COS777
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RE: Denver ATC Ignores Emergency Call

Sun Apr 08, 2012 5:09 pm

Seems like one of the easiest things for the controller to do would be to say, "Aircraft declaring an emergency, transmission unreadable, please IDENT." Seeing the IDENT reply on the radar quickly establishes that it is a ligament call and he also quickly sees where the aircraft is and the call sign. Probably easier for the pilot to push one button instead of going back and forth on the radio.
 
YVRFlyer
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RE: Denver ATC Ignores Emergency Call

Sun Apr 08, 2012 5:16 pm

Wow, another day, another event that seems lifted from the Airplane! movie.

Sounds like the ATC guy picked the wrong week to quit sniffing glue!   
YVRFlyer
 
JBirdAV8r
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RE: Denver ATC Ignores Emergency Call

Sun Apr 08, 2012 5:46 pm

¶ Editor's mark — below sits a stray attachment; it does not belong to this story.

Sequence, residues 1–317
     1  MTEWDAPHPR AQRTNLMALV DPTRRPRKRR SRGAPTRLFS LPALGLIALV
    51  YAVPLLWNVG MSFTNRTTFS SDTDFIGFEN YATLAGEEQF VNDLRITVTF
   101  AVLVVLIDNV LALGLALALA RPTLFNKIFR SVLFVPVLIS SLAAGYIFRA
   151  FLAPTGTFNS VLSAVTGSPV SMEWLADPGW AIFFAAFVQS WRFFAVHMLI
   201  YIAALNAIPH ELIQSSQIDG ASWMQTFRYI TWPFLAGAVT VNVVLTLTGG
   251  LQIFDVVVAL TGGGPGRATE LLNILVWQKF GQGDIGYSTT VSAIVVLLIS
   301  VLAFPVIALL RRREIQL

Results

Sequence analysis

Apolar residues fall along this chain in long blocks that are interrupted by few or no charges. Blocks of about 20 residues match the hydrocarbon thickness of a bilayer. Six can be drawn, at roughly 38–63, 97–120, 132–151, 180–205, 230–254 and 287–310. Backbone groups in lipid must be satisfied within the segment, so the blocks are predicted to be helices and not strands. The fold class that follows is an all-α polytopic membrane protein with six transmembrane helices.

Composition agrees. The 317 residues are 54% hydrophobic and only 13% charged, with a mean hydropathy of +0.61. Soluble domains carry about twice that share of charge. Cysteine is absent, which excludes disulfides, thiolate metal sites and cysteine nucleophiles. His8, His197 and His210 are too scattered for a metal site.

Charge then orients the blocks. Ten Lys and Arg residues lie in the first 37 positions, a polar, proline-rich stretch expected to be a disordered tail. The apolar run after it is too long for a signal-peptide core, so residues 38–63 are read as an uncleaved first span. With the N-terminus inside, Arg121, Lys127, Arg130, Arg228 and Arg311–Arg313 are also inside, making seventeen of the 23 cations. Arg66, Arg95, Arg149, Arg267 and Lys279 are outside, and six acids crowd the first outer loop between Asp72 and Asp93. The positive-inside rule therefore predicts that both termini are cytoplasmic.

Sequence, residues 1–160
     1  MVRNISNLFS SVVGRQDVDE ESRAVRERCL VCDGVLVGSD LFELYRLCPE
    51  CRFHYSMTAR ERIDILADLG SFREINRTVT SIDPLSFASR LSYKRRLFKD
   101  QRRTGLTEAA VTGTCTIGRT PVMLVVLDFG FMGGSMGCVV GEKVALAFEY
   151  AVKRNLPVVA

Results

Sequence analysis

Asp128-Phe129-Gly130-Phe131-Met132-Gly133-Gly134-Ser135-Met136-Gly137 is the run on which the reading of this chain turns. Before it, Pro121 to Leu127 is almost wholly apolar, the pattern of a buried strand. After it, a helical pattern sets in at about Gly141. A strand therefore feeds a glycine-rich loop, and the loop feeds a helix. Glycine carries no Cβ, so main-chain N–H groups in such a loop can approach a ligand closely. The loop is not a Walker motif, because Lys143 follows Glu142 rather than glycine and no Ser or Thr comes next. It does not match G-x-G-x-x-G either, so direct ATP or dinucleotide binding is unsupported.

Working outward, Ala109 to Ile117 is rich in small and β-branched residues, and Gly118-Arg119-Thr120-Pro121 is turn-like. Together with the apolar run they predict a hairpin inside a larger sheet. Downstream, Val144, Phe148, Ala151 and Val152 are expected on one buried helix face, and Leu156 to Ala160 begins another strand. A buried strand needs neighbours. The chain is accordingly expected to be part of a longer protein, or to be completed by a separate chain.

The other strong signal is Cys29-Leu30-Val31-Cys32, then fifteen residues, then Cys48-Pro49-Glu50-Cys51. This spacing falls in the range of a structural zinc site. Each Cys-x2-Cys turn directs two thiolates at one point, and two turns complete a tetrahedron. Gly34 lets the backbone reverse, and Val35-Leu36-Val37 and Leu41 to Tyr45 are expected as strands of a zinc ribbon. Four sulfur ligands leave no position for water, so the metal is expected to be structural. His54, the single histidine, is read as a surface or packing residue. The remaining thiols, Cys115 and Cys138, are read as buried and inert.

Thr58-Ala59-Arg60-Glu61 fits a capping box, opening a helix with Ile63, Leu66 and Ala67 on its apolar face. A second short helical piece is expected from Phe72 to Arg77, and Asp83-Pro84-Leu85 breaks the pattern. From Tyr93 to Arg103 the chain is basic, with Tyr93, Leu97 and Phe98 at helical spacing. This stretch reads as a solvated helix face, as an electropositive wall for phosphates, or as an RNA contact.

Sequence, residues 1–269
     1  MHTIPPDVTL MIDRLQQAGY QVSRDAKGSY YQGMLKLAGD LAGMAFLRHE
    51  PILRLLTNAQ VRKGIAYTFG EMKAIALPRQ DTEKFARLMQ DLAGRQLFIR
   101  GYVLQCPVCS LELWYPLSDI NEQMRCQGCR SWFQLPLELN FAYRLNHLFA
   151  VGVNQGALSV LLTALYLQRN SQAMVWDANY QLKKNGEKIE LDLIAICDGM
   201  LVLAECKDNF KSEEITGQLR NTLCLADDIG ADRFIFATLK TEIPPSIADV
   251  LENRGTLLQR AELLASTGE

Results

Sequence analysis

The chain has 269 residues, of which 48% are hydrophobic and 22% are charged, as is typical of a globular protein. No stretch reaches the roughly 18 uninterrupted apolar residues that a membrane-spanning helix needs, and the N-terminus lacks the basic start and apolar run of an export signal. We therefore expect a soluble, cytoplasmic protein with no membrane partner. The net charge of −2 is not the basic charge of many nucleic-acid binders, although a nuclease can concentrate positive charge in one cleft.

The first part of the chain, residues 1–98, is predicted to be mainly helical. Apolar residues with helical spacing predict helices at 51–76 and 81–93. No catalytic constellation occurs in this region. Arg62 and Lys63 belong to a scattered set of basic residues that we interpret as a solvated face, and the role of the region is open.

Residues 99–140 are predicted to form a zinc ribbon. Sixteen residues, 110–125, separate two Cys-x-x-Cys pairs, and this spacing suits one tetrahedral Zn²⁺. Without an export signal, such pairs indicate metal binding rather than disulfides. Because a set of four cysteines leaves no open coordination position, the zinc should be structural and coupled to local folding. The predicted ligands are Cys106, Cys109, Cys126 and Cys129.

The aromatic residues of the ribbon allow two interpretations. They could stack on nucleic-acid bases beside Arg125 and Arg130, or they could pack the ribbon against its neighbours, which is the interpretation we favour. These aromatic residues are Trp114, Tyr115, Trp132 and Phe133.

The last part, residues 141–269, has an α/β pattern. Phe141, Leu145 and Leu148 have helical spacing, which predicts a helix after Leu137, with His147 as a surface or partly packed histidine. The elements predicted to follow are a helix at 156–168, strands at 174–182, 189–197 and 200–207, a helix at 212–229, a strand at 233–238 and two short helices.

Quoting david_itl (Reply 2):

"Initial communication" does not necessarily mean the initial statement of emergency. There is normally no need to waste breath by restating the declaration. When we say "declaring an emergency" that suffices...nothing else needs to be said. Our intentions have been made clear and we are now an emergency aircraft.

Plenty of emergencies are declared in the US every day and I would say very few would ever use "mayday"--typically this is either used to convey a very grave, time-critical threat to safety that would require immediate ATC action. By the time this crew likely contacted ATC they were well into their procedures for dealing with it.

Remember another thing: the AIM is not regulatory.